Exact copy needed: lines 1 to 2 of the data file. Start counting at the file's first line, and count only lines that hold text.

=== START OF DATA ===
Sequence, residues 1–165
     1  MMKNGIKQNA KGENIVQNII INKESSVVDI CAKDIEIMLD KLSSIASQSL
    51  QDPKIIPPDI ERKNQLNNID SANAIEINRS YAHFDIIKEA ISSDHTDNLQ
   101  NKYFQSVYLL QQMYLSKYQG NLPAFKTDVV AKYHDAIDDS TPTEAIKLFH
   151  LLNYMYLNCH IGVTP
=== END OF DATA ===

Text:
Sequence, residues 1–165
     1  MMKNGIKQNA KGENIVQNII INKESSVVDI CAKDIEIMLD KLSSIASQSL